|Licence / Price:
- HTML Inspection: Firebug allowed developers to inspect and navigate the HTML structure of a web page dynamically. Users could highlight elements on the page and view the corresponding HTML markup and properties.
- CSS Inspection and Editing: Developers could inspect and modify the styles applied to elements on a page in real-time. This was particularly useful for experimenting with design changes and debugging layout issues.
- Network Monitoring: Firebug allowed users to monitor network activity, including HTTP requests and responses. This was beneficial for analyzing page loading times, identifying bottlenecks, and inspecting AJAX requests.
- DOM Exploration: Developers could explore and manipulate the Document Object Model (DOM) of a web page using Firebug. This facilitated dynamic interaction with the page’s structure.
- Cookies and Storage Inspection: The extension provided tools for inspecting and managing cookies and local storage, aiding in the debugging of client-side data storage.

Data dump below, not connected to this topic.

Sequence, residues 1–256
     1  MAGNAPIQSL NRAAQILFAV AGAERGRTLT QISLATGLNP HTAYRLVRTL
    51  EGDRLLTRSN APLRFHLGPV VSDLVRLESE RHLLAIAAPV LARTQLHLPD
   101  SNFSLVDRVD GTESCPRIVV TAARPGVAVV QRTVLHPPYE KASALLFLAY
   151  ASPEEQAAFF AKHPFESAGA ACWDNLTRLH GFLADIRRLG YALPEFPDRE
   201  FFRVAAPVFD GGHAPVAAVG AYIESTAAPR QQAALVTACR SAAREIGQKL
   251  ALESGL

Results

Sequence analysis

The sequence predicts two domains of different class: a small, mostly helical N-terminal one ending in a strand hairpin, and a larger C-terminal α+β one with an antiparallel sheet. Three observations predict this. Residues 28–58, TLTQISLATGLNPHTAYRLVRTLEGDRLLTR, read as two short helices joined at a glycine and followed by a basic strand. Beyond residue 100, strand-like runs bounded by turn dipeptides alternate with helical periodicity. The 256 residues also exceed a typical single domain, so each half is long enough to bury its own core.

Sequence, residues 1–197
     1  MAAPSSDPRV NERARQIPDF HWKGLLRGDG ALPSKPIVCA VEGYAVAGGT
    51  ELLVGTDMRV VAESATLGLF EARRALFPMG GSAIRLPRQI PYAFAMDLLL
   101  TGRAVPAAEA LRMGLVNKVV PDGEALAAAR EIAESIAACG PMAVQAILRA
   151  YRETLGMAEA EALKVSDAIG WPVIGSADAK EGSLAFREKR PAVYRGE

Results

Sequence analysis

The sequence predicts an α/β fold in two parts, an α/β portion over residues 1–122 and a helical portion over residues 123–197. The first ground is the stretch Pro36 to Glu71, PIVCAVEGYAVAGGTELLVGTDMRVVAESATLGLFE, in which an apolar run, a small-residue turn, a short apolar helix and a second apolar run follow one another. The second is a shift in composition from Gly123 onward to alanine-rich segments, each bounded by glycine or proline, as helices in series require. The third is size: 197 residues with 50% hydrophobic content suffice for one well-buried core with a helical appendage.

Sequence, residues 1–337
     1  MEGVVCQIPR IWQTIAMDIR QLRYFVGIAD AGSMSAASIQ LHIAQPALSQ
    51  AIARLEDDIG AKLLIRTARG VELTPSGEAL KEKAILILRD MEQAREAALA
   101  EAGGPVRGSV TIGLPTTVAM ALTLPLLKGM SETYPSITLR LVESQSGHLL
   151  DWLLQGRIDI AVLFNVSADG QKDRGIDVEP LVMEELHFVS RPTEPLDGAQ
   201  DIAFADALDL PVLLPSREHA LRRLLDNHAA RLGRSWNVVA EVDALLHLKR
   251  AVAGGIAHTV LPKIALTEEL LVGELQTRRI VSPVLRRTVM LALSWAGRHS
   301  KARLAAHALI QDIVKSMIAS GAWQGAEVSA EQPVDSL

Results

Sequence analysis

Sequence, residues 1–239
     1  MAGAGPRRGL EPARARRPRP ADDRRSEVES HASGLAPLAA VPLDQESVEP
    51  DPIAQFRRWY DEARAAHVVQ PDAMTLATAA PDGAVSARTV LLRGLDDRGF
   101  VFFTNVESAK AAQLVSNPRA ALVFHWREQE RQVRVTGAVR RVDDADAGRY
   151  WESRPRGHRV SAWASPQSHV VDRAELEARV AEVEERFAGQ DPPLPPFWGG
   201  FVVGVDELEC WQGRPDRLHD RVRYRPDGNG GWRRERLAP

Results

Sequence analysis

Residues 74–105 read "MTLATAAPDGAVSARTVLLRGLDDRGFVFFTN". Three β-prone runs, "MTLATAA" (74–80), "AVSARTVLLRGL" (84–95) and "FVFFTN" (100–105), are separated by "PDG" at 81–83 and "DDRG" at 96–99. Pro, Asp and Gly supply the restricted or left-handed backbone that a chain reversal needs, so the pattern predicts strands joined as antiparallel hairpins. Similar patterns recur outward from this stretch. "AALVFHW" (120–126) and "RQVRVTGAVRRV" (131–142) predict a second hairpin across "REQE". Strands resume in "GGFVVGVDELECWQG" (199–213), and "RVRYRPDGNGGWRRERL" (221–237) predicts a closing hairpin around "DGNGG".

Evolution and Transition:
Firebug was initially developed for Firefox, but with the introduction of built-in developer tools in modern browsers, its relevance diminished. The Firefox Developer Tools gradually replaced Firebug, incorporating many of its features. As a result, the development of Firebug was officially discontinued, and users were encouraged to use the native browser tools.
If you have memories or experiences using Firebug during its active development, share your thoughts, tips, and insights in the comments below. Additionally, consider exploring and familiarizing yourself with the current developer tools available in modern web browsers for an enhanced development experience.